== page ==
I don't know why I feel the need to share that story... She sounds more boy-crazy than I was then. I don't know what you should do. Can you bring it up casually in conversation with her parents so it doesn't seem like tattling- especially since you're not sure if they know? Like, "Susie is growing up so fast! It seems like yesterday she was such a little girl and now she has a boyfriend! How are you handling it?" I don't know...
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« Reply #2 on: August 16, 2012, 02:42:51 PM »

Talk with the pastor.
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« Reply #3 on: August 16, 2012, 02:56:49 PM »

You can take some consolation in the fact that the average age that a person has intercourse for the first time is 17, and just one in four people have sex prior to the age of 15.  The fact that (I believe, based on your post) she is living with both her parents, makes it even less likely that she has or will in the near future have sex.  That she is white also makes it less likely.  As well, I assume her boyfriend is about her age; the younger a teen girl is when she loses her virginity, the more likely that her partner was older (for instance, eleven percent of teen girls who first had sex at 15 did so with a man over the age of twenty).  For Catholics (and, I'd guess that the Orthodox are probably similar), the average age for first intercourse is about 18.  As well, over the last twenty years, the number of never-married persons ages 15 to 19, who have had sex has actually decreased by a noticeable percentage. 

Almost certainly, this is just a harmless part of growing up - like the relationships most 13 year-olds are in.  Within a month, she'll have moved on to the next guy (either because he dumps her or she gets bored with him).  I wouldn't worry about it.
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« Reply #4 on: August 16, 2012, 03:02:22 PM »

Just let it go. Why do you older Orthodox folks have to be so weird? I think that socializing with the opposite gender at that age may be good for kids in the long run because it teaches them how to act and understand the opposite gender better. When I was that age my mother actually encouraged me to try talking to girls more, but I was still too afraid and hormonial, so I didn't. And look what happened; three years later when I am 16 and I can still hardly hold a conversation with the opposite gender.
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« Reply #5 on: August 16, 2012, 03:20:32 PM »


I'm not weird...I'm worried.

There's nothing wrong with having male friends....but, when you state he's your boyfriend and you are proud of it...acting all grown up, as if you are better than the other girls your age....then it might be a problem.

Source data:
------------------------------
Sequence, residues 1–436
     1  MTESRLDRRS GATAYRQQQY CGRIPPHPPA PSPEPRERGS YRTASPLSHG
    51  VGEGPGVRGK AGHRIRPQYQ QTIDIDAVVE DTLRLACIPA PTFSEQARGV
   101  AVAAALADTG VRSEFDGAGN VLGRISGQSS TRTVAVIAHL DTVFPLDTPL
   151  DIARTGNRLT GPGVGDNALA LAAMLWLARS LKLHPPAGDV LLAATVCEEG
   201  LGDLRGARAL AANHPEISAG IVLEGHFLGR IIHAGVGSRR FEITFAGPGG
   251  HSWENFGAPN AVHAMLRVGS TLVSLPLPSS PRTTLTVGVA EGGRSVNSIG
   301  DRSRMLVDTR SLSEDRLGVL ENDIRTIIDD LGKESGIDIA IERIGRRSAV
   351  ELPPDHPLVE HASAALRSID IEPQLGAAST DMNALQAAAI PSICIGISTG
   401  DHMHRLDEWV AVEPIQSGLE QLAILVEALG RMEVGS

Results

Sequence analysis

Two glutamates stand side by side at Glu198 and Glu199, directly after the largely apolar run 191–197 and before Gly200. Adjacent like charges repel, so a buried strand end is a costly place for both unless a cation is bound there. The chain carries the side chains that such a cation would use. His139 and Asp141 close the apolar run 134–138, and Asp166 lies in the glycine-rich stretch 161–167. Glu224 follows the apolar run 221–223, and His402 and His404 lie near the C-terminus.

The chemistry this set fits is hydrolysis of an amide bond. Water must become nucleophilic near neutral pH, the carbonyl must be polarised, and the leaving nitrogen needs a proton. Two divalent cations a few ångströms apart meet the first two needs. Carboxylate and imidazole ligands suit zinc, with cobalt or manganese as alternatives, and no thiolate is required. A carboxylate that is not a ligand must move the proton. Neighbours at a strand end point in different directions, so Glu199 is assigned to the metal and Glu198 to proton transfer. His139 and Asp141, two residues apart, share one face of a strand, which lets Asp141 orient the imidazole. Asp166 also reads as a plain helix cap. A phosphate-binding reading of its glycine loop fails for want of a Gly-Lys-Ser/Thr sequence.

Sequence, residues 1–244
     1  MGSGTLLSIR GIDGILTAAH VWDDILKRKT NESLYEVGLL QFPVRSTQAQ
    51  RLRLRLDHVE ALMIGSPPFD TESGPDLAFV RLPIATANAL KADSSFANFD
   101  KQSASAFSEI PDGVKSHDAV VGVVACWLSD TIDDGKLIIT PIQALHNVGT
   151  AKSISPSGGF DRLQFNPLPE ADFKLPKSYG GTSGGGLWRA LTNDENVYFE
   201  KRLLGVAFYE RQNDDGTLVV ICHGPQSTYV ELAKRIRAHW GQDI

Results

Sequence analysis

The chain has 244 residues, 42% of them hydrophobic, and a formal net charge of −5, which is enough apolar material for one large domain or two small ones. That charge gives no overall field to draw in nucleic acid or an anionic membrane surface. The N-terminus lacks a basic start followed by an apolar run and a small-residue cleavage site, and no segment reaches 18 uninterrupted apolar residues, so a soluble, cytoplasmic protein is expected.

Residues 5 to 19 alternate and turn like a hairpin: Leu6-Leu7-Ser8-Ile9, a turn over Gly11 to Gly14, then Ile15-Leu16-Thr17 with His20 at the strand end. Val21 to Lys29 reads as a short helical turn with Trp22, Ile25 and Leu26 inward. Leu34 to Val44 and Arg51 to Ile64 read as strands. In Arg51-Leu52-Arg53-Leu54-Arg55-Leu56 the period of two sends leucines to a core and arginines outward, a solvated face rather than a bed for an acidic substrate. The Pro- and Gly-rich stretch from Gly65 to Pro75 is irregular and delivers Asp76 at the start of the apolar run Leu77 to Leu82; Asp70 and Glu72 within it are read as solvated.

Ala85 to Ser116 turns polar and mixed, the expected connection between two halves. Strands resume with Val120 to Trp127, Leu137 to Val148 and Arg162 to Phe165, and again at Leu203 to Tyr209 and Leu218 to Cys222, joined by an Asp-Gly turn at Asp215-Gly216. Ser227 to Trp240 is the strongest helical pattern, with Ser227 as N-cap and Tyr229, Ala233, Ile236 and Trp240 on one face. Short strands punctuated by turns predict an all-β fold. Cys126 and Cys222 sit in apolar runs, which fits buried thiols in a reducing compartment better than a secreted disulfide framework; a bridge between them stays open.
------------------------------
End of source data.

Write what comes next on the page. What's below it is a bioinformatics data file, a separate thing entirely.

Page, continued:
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« Reply #6 on: August 16, 2012, 03:48:57 PM »

It's good you are there to watch over these kids.  Smiley 

At this age, a "relationship" might just mean eating lunch together and texting.  But, you never know.  A friend I had in high school was having sex at 13.  Her case was sad, her mother was pregnant at 16, she never knew a father, she seemed to have a void to fill so went from guy to guy to guy.   A teacher at our high school was also targeting teen girls and unfortunately she was one of them.  He seemed to pick girls that didn't have strong families and were sort of lost.  And, guys that just want to use a girl for physical gratification seem to know who to pick.  The path of least resistance means finding girls that don't have strong fathers or brothers to deal with.

Maybe ask her about what she values in herself, find out how she will view herself if she had no boyfriend in her life, would she still have any interests, would she feel complete and loved?   What sort of guy does she feel she should be with, what is she interested in?  It seems like she has enough controls at home, so this might be the time just to listen.

For the other girls, this could be setting up a mindset that they are not valuable or visible or interesting or socially acceptable without a boyfriend.  It would be nice to get them focused on developing skills to deal with peer pressure of any type.  Something that teaches resiliency.  Maybe a project to present to other kids about how to deal with peer pressure and taunting, etc., and highlights strong, young Orthodox women as role models.

Again, it is good you are there for these kids! They will remember you when they are adults and navigating through the trials and tribulations of adulthood.
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« Reply #7 on: August 16, 2012, 03:59:51 PM »

Just let it go. Why do you older Orthodox folks have to be so weird? I think that socializing with the opposite gender at that age may be good for kids in the long run because it teaches them how to act and understand the opposite gender better. When I was that age my mother actually encouraged me to try talking to girls more, but I was still too afraid and hormonial, so I didn't. And look what happened; three years later when I am 16 and I can still hardly hold a conversation with the opposite gender.
The juvenile lack of wisdom you show here is insulting to mature adults - and quite indicative of the problem at hand.

Socialization is one thing. Sneaking around behind her parents' back is another. The fact that she does just exactly that shows that even she knows it's not right. At the very least, it is outright disobedience of her parents.